day = "1",
doi = "10.1093/sleep/zsy150",
language = "English (US)",
volume = "41",
journal = "Sleep",
issn = "0161-8105",
publisher = "American Academy of Sleep Medicine",
number = "10",

}

TY - JOUR

T1 - Weekly sleep trajectories and their associations with obesity and hypertension in the Hispanic/Latino population

AU - Chen, Jinsong

AU - Patel, Sanjay R.

AU - Redline, Susan

AU - Durazo-Arvizu, Ramon

AU - Garside, Daniel B.

AU - Reid, Kathryn J.

AU - Lash, James

AU - Sotres-Alvarez, Daniela

AU - Gallo, Linda C.

AU - Petrov, Megan E.

AU - Perreira, Krista M.

AU - Talavera, Gregory A.

AU - Ramos, Alberto

AU - Zee, Phyllis

AU - Daviglus, Martha L.

PY - 2018/10/1

Y1 - 2018/10/1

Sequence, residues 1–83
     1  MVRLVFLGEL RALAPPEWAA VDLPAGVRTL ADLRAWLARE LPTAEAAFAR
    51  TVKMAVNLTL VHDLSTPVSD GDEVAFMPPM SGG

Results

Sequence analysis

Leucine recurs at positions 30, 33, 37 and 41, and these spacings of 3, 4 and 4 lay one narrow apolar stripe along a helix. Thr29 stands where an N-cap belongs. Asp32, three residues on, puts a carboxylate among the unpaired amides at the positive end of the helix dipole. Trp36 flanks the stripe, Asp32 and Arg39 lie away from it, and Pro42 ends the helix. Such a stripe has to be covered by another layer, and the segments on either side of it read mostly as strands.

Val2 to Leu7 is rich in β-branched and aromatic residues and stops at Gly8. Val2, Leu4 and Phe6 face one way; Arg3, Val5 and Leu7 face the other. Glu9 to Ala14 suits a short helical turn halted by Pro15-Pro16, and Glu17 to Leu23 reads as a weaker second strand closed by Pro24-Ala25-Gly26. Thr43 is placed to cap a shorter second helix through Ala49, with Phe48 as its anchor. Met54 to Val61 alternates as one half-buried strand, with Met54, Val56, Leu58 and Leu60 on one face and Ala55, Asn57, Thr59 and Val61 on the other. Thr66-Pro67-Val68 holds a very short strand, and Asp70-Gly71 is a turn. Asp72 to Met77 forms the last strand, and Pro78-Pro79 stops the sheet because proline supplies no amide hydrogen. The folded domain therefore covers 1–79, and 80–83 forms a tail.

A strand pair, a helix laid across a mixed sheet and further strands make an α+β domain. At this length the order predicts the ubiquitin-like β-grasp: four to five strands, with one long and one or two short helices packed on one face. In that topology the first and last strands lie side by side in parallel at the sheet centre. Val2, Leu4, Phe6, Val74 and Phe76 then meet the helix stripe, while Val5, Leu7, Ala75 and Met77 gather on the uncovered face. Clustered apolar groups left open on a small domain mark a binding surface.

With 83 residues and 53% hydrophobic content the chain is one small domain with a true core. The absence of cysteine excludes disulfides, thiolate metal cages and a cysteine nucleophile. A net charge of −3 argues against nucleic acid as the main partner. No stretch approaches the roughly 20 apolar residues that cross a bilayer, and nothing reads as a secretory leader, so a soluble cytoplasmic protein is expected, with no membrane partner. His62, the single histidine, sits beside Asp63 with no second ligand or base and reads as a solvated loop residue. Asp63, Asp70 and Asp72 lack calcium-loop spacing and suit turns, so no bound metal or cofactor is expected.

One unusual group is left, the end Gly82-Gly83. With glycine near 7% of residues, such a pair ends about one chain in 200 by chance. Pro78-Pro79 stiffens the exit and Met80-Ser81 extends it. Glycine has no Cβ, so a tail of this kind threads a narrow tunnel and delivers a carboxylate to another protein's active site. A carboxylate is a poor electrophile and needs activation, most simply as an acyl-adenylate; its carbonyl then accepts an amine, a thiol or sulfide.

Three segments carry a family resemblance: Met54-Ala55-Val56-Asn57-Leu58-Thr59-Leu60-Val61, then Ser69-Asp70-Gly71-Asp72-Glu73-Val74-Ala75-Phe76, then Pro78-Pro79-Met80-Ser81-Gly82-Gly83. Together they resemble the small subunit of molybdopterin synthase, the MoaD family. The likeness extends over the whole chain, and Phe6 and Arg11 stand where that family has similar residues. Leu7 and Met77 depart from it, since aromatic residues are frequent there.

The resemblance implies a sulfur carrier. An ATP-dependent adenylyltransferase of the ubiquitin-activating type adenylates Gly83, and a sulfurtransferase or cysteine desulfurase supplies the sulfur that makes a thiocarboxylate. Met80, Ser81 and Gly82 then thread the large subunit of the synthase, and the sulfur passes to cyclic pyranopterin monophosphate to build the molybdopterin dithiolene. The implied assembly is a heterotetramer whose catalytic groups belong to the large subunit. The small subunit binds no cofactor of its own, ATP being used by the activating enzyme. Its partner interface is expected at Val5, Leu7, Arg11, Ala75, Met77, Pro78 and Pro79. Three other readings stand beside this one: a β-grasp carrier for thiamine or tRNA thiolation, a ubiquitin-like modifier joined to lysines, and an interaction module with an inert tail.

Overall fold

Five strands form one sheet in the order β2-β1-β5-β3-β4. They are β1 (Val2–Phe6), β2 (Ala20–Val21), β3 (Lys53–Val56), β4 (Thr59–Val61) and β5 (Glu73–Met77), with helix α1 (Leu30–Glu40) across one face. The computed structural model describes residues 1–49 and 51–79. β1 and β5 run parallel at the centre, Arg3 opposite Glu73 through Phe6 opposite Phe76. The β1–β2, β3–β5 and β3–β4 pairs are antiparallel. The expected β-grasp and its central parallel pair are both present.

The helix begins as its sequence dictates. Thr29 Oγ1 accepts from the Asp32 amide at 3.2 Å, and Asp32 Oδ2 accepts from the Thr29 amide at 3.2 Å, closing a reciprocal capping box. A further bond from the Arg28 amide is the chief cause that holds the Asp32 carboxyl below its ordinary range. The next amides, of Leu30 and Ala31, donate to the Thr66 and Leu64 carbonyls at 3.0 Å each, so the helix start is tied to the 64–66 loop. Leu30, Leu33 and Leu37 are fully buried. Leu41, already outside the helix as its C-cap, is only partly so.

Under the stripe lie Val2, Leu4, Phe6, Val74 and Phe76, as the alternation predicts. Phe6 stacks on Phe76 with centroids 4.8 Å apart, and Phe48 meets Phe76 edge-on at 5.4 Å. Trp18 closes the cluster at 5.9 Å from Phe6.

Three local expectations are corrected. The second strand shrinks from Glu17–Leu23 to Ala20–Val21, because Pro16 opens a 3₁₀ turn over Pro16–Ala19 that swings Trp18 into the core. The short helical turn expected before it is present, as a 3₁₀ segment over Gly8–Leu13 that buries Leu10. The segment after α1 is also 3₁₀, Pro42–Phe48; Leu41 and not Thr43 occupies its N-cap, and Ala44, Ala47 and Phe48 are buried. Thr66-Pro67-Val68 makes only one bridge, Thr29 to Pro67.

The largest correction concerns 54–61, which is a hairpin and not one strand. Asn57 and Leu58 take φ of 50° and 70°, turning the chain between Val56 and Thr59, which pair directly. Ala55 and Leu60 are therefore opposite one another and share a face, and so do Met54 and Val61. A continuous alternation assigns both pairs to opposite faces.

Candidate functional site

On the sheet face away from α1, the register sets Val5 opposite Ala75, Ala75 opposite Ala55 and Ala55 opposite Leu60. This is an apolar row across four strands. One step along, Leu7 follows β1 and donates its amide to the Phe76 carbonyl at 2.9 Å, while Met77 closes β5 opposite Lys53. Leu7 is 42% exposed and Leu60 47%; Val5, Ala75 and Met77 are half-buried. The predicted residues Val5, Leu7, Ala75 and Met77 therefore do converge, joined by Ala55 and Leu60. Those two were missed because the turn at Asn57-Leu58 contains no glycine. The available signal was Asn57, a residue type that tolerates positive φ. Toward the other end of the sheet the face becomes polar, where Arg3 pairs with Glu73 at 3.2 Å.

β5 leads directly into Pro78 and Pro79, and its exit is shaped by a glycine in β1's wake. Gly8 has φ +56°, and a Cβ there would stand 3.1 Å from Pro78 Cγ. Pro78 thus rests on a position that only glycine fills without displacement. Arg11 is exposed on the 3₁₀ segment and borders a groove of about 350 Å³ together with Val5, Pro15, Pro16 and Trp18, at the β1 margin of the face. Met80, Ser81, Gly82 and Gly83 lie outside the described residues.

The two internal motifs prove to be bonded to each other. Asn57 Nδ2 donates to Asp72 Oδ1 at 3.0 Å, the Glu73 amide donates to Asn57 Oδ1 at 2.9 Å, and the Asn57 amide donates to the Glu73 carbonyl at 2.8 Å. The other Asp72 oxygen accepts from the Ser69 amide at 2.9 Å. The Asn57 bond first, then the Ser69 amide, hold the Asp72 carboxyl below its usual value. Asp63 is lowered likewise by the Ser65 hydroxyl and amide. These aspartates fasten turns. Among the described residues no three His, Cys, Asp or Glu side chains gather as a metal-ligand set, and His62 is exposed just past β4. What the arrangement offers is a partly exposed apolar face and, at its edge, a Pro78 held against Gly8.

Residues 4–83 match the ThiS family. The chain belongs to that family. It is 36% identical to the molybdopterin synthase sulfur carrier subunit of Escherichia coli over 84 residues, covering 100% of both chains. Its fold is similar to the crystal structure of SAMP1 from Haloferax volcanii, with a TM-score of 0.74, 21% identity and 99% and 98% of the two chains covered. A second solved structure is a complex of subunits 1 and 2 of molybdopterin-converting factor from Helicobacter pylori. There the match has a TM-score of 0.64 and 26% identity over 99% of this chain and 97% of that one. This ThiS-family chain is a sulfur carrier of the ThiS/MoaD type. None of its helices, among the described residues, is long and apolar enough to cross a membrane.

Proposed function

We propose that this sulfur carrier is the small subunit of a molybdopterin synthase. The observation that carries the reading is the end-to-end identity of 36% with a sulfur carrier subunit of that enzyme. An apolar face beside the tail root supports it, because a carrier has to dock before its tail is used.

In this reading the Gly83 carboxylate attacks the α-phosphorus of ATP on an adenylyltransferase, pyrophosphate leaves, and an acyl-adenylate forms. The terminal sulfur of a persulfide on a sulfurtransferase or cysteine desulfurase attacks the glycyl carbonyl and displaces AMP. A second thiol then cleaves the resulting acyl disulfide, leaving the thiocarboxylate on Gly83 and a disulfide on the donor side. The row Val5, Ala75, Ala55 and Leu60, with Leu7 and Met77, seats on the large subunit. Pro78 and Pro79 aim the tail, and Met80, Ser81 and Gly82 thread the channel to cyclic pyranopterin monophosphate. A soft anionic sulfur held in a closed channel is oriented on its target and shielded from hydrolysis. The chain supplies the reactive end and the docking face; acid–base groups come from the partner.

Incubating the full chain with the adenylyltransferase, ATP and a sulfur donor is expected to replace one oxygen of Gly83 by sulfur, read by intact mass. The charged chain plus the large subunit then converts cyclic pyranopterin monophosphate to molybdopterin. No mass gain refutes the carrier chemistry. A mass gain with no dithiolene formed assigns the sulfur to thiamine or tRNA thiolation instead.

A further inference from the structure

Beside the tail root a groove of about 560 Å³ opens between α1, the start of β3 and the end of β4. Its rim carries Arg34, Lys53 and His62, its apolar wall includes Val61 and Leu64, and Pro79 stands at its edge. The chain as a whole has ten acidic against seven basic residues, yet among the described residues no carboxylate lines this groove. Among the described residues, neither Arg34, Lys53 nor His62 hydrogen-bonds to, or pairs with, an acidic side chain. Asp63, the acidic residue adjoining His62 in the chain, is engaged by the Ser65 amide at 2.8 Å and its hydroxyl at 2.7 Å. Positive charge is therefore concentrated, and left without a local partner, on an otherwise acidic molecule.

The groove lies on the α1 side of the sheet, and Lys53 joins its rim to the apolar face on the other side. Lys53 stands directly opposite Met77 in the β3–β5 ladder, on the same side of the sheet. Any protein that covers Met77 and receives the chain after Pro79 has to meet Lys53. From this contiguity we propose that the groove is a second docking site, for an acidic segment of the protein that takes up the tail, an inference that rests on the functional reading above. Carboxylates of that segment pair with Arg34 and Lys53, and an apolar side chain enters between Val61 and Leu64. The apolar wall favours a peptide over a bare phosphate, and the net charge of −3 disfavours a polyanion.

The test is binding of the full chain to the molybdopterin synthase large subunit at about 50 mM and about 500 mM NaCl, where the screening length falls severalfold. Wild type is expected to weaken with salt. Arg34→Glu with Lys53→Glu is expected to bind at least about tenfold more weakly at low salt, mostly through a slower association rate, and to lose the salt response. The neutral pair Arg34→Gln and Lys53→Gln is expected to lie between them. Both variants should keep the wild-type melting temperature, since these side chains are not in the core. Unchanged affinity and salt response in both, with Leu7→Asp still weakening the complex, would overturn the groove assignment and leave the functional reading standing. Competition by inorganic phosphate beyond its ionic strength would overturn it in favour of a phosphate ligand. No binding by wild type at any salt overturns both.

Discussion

N2 - Study Objectives To identify weekly sleep trajectories (sleep pattern changing by day over a course of week) of specific characteristics and examine the associations between trajectory classes and obesity and hypertension. Methods A total of 2043 participants (mean age 46.9, 65.5% female) completed at least 7 days of actigraphy aged 18-64 from the Sueño ancillary study of the Hispanic Community Health Study/Study of Latinos (HCHS/SOL). Weekly sleep trajectories for three daily level measures (wake after sleep onset [WASO], daytime napping duration, and intranight instability index) were identified using latent class growth models. The outcomes were obesity and hypertension. Results Using the trajectory with low-stable WASO as reference, the trajectory classes with increasing and high-concave patterns had significantly higher odds for obesity (OR 3.64 [1.23-10.84]) and hypertension (OR 5.25 [1.33, 20.82]), respectively. Compared with individuals with a low-stable napping duration trajectory, those with the high-concave pattern class were associated with hypertension (OR 2.27 [1.10-4.67]), and the association was mediated in part by obesity (OR 1.11 [1.00-1.22]). Individuals in the high intranight instability index trajectory had significantly larger likelihood for both obesity (OR 1.90 [1.26-2.86]) and hypertension (OR 1.86 [1.13-3.06]) compared with those in the low intranight instability index trajectory. Conclusions Weekly trajectories varied for WASO, daytime napping duration, and intranight instability index. The trajectories with relatively larger values for these three measures were associated with greater risk for obesity and hypertension. These findings suggest that a stable pattern with relatively small weekly and nightly variability may be beneficial for cardiovascular health.